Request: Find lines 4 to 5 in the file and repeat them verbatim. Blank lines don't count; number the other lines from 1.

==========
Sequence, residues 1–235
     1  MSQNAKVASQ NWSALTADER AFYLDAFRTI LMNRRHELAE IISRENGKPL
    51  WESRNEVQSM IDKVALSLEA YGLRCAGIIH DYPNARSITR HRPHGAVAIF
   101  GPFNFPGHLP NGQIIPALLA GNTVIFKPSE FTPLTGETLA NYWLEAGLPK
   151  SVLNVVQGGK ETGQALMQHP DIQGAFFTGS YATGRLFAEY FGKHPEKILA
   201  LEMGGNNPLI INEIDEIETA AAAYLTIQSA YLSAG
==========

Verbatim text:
   101  GPFNFPGHLP NGQIIPALLA GNTVIFKPSE FTPLTGETLA NYWLEAGLPK
   151  SVLNVVQGGK ETGQALMQHP DIQGAFFTGS YATGRLFAEY FGKHPEKILA